As for rock-paper-scissors, and in general for predicate programs, the order of the literals matters. Note that the disequality constraint is used to prune the case where both players are the same.

In summary, dual generation in predicate programs introduces an optimization to eliminate redundant answers/justifications.



What I’m gathering is that my proposal above is logically equivalent to what s(CASP) does with plainduals, which solves my problem but has a different problem of generating extra justifications (and correspondingly slowing the processing time) for default negated terms wherever they occur in the search.

Let me know if that’s close.

If the performance hit from plainduals is not tolerable, and I anticipate it might not be, I will need some sort of guidance on how to avoid this pitfall going forward. My approach right now is unsophisticated and time consuming.

Does it happen only to disequalities, or can other things trigger it like default negations and constraints? Does it depend on the absolute position in the clauses, or the relative position to some other clause? Does it matter whether the clause is being used to “prune” the search? What rule of thumb can I follow that will avoid the issue? If anyone has such guidance off-hand, please let me know.

I have a suspicion there may be interesting parallels to some natural language expressions used in legislation, but we’ll see.

If no one is sure, I’ll try to figure it out and let everyone know what I come up with.

Thanks for all the help. Greatly appreciated. Would be nice to have that s(CASP) forum to ask these questions in, rather than forcing Joaquin to respond in multiple places… did we ever make any progress on that?

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OK, so here’s my thinking on it so far…

In s(CASP), your rules are defining both the positive and the default negative at the same time. Because of the way the duals are generated, you should only include a condition if:
a) it is a necessary condition of the predicate being true, and
b) its reversal in the dual program is a sufficient condition of the predicate not holding, given the conditions above it holding.

If a) and b) are not both true, adjust the clause order until they are.

That is still too complicated for me. Here’s version two:

Only include a clause if
a) it is a necessary condition of the predicate being true, and
b) its reversal is a sufficient condition of the predicate not holding.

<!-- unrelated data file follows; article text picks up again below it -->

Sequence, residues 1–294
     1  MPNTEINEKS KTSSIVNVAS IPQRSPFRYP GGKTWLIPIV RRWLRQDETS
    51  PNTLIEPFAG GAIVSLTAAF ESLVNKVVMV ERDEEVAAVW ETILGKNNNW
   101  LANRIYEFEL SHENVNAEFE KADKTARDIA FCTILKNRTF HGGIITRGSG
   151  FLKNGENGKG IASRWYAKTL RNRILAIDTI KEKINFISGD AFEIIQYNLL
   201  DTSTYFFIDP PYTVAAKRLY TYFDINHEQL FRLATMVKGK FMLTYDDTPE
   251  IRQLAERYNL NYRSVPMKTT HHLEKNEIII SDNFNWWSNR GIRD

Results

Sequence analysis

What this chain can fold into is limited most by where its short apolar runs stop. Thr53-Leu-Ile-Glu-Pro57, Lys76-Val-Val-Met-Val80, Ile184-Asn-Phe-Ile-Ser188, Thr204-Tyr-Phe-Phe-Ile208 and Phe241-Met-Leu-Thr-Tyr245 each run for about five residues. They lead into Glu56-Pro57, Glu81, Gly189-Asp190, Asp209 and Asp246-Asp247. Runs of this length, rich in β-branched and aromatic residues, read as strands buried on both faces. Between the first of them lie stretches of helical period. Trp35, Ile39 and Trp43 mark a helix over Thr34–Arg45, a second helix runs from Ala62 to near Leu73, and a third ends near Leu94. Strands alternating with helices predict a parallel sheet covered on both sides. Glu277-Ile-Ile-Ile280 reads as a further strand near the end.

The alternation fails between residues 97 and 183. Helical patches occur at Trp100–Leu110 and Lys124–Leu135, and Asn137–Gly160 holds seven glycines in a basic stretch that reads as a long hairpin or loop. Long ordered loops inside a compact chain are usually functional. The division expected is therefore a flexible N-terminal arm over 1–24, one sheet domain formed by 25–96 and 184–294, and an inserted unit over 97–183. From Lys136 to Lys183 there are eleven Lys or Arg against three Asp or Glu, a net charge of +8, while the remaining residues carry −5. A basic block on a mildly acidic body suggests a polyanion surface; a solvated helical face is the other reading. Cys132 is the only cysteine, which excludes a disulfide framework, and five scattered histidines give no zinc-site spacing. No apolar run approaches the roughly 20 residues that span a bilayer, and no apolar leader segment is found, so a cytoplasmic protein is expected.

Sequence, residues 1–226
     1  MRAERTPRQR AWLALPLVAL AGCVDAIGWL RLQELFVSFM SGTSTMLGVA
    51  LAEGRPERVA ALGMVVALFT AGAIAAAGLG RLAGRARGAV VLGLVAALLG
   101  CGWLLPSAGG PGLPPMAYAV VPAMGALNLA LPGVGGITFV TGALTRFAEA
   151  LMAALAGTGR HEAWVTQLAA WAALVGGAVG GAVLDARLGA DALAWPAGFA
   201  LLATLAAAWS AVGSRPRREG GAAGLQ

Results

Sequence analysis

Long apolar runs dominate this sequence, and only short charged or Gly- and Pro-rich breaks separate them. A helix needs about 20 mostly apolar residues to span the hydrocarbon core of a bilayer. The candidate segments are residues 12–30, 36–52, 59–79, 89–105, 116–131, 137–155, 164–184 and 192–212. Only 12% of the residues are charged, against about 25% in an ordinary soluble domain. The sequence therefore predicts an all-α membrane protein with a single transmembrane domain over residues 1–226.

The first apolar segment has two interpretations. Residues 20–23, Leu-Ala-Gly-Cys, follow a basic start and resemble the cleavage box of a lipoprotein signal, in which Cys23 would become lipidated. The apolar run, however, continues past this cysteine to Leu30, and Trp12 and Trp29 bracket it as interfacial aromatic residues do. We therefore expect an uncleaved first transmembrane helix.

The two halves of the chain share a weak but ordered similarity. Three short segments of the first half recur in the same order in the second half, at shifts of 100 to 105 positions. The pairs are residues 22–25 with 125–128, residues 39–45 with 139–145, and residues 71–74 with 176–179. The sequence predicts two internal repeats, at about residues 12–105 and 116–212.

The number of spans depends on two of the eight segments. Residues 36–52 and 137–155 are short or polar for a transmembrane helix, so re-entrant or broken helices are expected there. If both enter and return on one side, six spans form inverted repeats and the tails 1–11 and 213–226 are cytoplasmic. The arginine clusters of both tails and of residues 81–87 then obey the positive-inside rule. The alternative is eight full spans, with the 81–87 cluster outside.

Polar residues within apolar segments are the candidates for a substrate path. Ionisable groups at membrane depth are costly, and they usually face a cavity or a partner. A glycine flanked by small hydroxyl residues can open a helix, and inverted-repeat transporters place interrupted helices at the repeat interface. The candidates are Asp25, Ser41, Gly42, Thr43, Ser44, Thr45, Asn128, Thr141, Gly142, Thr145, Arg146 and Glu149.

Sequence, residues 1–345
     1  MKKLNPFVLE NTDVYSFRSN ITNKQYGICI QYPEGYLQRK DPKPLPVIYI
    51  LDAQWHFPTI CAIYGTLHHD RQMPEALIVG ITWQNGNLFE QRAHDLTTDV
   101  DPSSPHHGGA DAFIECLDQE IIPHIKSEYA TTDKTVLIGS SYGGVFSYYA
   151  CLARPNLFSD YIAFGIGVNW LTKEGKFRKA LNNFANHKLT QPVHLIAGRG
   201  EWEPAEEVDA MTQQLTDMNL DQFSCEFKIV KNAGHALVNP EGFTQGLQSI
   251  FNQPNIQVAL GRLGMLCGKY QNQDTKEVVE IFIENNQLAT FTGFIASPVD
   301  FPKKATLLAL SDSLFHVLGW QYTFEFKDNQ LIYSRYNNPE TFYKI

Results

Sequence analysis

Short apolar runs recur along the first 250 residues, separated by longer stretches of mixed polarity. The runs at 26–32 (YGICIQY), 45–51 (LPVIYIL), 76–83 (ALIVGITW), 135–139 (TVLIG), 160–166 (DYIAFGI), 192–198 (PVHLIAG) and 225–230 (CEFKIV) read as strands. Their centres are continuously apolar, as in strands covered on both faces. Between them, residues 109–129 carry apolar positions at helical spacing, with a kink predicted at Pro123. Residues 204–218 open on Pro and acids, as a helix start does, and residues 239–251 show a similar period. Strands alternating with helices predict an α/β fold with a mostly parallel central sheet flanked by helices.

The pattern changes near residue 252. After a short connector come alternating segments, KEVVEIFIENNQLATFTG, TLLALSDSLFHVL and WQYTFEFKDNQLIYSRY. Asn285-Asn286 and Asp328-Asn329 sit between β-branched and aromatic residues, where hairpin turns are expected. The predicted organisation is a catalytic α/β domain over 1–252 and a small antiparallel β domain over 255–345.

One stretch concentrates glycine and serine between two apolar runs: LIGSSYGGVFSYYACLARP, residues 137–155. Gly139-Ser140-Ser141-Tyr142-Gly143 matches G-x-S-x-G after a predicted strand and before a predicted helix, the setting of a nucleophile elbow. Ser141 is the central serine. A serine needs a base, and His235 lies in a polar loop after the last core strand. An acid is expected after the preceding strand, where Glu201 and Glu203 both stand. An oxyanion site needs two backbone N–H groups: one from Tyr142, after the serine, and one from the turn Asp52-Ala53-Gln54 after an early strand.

If you have a clause that meets a) but doesn’t meet b), reformulate by adding predicates until they all satisfy both.

(I have known for a while that changing the number of predicates has fixed things for me. This may be why?)

Following this advice, the original predicate:

winner(Game,Player) :-
  player(Player), % Ungrounded only works if the disequality is below here
  throw(Player,Sign), % not winner/2 only works if the disequality is above here.

Is wrong because not_same_player is a necessary condition, but the opposite is not sufficient to show that anyone didn’t win a game. That bob is bob does not mean that bob didn’t win.

Note that not_same_player(X,Y) :- X \= Y., and is used just to be able to add a plain-language version to the justifications.

So we reformulate, putting the disequality into a predicate for which both things are true:

game_has_two_different_players(Game,Player,OtherPlayer) :-

winner(Game,Player) :-

A game having two different players is a necessary condition of it having a winner, and that not being true is sufficient for us to know there is no winner. The disequality is a necessary condition of the game having two players, and two players being the same is sufficient is sufficient to show that the predicate does not hold for those two players.

So everything behaves as expected in both the positive and default negated cases.

Line order still matters, because the disequailty needs to be placed after at least one of its terms has been bound, I think, but that’s a different thing.

Does that seem like it follows? Can you think of examples of places where this kind of reformulation isn’t available?

Is the reformulation actually solving the problem, or am I getting the right result but misunderstanding how? I note that all of the variables in game_has_two_different_players appear in both the head and the body. Maybe that is solving the problem, somehow?

Thanks again.


Having thought about it further, it occurs to me that both adding variables to the conclusion and adding intermediate predicates to the body are examples of ensuring that the negations of all of the conditions are sufficient for the negation of their conclusion. It’s two sides of the same coin.